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Article
Publication date: 15 March 2016

Stefanella Stranieri, Alessia Cavaliere and Alessandro Banterle

The proliferation of traceability standards shed light on the understanding of the mechanisms leading agri-food firms to choose among different kind of rules and systems…

Abstract

Purpose

The proliferation of traceability standards shed light on the understanding of the mechanisms leading agri-food firms to choose among different kind of rules and systems for their implementation. The present paper investigates the role of firms economic incentives on the adoption of different traceability systems. In specific, the analysis aims at segmenting food firms on the basis of economic incentives for the adoption of voluntary traceability and the levels of the system complexity implemented.

Design/methodology/approach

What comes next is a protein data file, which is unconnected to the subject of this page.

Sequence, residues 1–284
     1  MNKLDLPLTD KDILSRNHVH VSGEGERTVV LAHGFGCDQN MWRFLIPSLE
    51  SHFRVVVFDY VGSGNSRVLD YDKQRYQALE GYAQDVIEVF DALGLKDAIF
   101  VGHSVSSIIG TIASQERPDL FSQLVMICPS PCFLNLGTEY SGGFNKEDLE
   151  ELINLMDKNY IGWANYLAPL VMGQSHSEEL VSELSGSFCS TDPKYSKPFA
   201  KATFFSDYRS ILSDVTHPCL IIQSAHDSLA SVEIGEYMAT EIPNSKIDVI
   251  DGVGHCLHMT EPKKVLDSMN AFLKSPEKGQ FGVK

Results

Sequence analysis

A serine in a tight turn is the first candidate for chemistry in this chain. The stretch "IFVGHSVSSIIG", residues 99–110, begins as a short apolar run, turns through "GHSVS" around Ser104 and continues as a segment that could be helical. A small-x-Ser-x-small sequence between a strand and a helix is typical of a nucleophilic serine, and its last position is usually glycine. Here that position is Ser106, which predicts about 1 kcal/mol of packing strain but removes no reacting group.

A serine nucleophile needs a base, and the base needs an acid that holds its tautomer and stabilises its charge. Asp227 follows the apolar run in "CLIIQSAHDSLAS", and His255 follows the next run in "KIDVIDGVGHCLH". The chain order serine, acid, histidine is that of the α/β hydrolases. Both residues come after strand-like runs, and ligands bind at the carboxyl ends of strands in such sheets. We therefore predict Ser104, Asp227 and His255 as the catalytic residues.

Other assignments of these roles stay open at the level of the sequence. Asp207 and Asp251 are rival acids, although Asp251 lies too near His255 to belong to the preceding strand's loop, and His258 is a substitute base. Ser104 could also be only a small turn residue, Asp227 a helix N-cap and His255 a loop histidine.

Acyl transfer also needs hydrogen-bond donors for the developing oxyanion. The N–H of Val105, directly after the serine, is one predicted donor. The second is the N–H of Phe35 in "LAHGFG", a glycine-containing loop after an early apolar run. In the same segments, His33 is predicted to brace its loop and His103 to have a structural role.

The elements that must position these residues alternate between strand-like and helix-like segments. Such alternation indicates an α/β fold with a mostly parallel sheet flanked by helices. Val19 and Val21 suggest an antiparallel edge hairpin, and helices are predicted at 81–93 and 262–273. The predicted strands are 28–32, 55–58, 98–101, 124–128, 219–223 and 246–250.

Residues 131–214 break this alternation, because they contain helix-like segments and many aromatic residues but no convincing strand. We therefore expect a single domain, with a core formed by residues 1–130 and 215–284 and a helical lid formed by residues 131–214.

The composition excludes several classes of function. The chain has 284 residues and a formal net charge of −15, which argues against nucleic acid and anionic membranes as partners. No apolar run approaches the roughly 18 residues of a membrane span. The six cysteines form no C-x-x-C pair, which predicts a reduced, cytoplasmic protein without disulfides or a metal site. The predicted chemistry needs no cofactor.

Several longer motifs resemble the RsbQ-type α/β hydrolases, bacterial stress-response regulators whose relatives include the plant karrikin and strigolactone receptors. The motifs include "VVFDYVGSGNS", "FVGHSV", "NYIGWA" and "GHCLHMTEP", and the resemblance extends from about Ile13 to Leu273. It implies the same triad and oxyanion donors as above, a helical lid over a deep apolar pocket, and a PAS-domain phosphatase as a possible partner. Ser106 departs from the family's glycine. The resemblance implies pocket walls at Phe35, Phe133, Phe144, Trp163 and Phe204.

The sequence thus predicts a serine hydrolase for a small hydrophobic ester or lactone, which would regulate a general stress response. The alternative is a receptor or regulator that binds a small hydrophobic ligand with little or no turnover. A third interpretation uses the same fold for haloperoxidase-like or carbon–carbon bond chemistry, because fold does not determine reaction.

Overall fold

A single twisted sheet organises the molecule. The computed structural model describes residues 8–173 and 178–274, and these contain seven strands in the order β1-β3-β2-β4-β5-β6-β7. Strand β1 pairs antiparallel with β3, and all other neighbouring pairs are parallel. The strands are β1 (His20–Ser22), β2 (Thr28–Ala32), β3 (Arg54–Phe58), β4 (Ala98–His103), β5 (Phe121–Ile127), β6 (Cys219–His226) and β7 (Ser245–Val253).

A survey based on an ad hoc questionnaire was conducted in 2014 on a sample of firms certified ISO 22005/2008. Cluster analysis was run for the analysis and one-way ANOVA was used to confirm differences among clusters.

Findings

The analysis presents three different clusters in terms of economic incentives for voluntary traceability and the level of systems complexity implemented. All the clusters reveal that supply chain incentives play a key role. Moreover, ‘fine traceability’ clusters firms with high level of traceability. They consider food safety as an important incentive to adopt a voluntary standard. ‘Medium traceability’ groups firms with an average level of traceability system complexity. The interviewed consider the firm reputation as strategic driver for voluntary standard implementation. The cluster ‘coarse traceability’ groups firms which introduced traceability for quality differentiation of products on the market. These firms implemented a low level of traceability system complexity.

Research limitations/implications

The paper presents some limitations due to the sample dimension. Future research is oriented to test such results on an extended sample and to analyse the relationships between the traceability system implemented and the different kind of economic incentives for traceability standards.

Originality/value